Reliever Kirby Yates' career trajectory is nothing short of incredible. He was a 30-year-old journeyman with a 5.38 ERA when the Padres claimed him off waivers in April 2017. At the time, Yates had just begun experimenting with a split-finger fastball. When the right-hander landed in San Diego, the Padres had one message for him: Throw it. Often. Yates obliged, and the pitch elevated him to one of the most fearsome relievers in the sport. He paired it with a fastball at the top of the zone, and rival hitters complained that it was impossible to tell the difference -- until they’d swung right over the splitter. Yates’ mark of 14 strikeouts per nine innings is the best in franchise history.

4. Brown's sinker
Right-hander Kevin Brown was a Padre for only one season, but he authored arguably the most valuable pitching season in franchise history. Brown posted a 2.38 ERA and a franchise-record 257 strikeouts. And he did so by relying heavily on a bowling-ball sinker that darted down and to his arm side and was nearly impossible to put in the air. (In 257 innings in 1998, Brown allowed just eight home runs.) While some sinkers are meant merely to induce soft contact, Brown’s was the rare swing-and-miss variety. His sinker-balling masterpiece came in Game 1 of the 1998 National League Division Series, when he struck out a Division Series-record 16 Astros.

3. Gossage's four-seam fastball
There wasn't much deception to Rich Gossage's arsenal. The Hall of Fame right-hander had plenty of firepower, and he brought it. At a time when fastball velocities sometimes hovered in the high 80s, “Goose” felt like a pitcher a generation ahead of his time. He sat in the upper-90s and sometimes topped 100 mph at a time when it felt preposterous to do so. Gossage is without question, one of the sport's greatest power pitchers. There's an argument to be made that his signing in January 1984 is the most important free-agent signing in franchise history. Gossage used that four-seam fastball at the back of the bullpen as the Padres won their first pennant in '84.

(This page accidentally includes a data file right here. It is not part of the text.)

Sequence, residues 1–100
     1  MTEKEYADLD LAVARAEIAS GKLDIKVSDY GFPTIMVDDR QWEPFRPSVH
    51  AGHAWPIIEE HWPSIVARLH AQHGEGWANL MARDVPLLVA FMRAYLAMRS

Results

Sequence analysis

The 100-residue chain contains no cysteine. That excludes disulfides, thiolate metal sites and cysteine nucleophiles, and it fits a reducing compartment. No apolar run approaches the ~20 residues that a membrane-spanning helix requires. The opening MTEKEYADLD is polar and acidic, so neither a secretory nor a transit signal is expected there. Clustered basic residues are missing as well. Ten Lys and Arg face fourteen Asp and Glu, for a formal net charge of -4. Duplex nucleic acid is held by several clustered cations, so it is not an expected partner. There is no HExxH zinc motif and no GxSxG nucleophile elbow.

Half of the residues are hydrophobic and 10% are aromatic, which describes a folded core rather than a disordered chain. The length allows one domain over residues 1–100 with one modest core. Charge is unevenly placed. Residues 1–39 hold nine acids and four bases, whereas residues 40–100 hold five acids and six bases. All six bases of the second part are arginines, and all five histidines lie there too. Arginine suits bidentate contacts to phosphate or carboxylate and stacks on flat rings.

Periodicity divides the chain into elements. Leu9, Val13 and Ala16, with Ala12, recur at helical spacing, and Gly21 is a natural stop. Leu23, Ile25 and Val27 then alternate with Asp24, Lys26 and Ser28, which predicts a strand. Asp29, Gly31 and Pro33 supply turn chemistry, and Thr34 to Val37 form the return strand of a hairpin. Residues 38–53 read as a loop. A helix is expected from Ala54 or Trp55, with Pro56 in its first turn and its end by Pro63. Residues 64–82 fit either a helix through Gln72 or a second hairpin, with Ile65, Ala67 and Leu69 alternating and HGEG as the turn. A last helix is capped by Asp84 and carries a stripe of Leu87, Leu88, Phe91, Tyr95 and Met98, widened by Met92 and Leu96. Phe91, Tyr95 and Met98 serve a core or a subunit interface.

2. Jones' sinker
Without context, Randy Jones' numbers in 1975 and '76 are almost laughable. The left-hander compiled more than 600 innings across two seasons with a 2.50 ERA -- but he recorded only 196 strikeouts in the process. Jones was able to do so because of the pitch that came to define an era of Padres baseball: his sinker. The pitch tantalized opposing hitters, then darted below their barrels, as Jones became the king of weak contact. The pitch was easy to connect with but impossible to square up, and Jones used that to his advantage, amassing 43 complete games across two seasons. (For context, no pitcher has more than 24 complete games in the past decade.) On the strength of that sinker, Jones won an ERA title in '75 and the NL Cy Young Award in '76. He became one of the most beloved players in franchise history in the process.

1. Hoffman's changeup
The first line of Trevor Hoffman's plaque in the National Baseball Hall of Fame: "Master of a mystifying changeup." Strangely enough, when the right-hander arrived in San Diego after a trade with Miami in 1993, he was all power. It wasn't until a 1994 shoulder injury that Hoffman was forced to develop a putaway offspeed weapon. Teammate Donnie Elliott, who has a special place in Padres history as a result, taught Hoffman in the pitch, and the rest is history. No one could touch it. Hoffman rode his changeup -- arguably the best in baseball history -- to 601 saves and enshrinement in Cooperstown.

AJ Cassavell covers the Padres for MLB.com. Follow him on Twitter @ajcassavell.